A former Enron Corp. executive and two former Merrill Lynch bankers were sentenced to prison last Thursday for their roles in a sham deal in which Enron "sold" electricity-producing barges in Nigeria to the bank and then bought them back at a pre-set price. The men were convicted with two other Merrill executives last November for their roles in the bogus transaction.
U.S. District Court Judge Ewing Werlein Jr. sentenced Dan O. Boyle, an ex-Enron executive, to three years and 10 months, while ex-bankers Robert Furst and William Fuhs each received three years and one month in prison for fraud and conspiracy. Furst and Fuhs must each pay $665,000 in fines and restitution, while Boyle was ordered to pay $320,000.
Prosecutors had asked for double-digit sentences, but Werlein reiterated Thursday that he rejected the government's theory that investors lost $43.8 million by overpaying for Enron shares after the barge deal helped the company hide losses on its books, the main factor supporting lengthy prison terms. The barge transaction "would appear to have been one of the smaller and more inconsequential frauds committed by these conspirators at Enron," Werlein said.
In April, Werlein sentenced Merrill's Daniel Bayly to two and a half years in prison, while James Brown received three years and 10 months for their roles in the transaction.
The judge noted that other higher-level Enron executives, including former CFO Andrew Fastow, had played more critical roles than Boyle in the barge transaction. Fastow pleaded guilty to conspiracy in January 2004 and will serve 10 years in prison. Fastow will not be sent to prison until the Enron Task Force completes its investigation.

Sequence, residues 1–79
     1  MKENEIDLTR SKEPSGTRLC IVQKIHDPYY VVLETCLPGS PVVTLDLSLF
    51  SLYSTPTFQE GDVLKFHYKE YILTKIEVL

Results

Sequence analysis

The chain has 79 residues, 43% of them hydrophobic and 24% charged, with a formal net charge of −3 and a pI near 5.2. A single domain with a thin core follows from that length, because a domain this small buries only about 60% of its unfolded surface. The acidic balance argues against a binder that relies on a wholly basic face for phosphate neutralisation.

The judge called Boyle's prison term "sufficient but not greater than necessary." In turn, Boyle told the judge that he was the only person responsible for his actions, "and the pain I've caused to each and every person I've affected. I'm truly sorry."
Werlein agreed to ask the Federal Bureau of Prisons to not order Furst to prison until he celebrates his 20th wedding anniversary on June 29. Furst's role was to maintain a good relationship with Enron, the judge noted. During the sentencing, Furst told the judge Thursday, "today is a new low for me. All of my hard work, my reputation and character are down the drain."
Werlein told Fuhs following the sentencing that "getting this behind you is probably the best thing you can do at this time." He noted that Fuhs was less culpable than most of the other participants, but he said he believed that Fuhs had lied to investigators. Fuhs said that he was "so sorry for any pain this has caused. I will go forward with my life."
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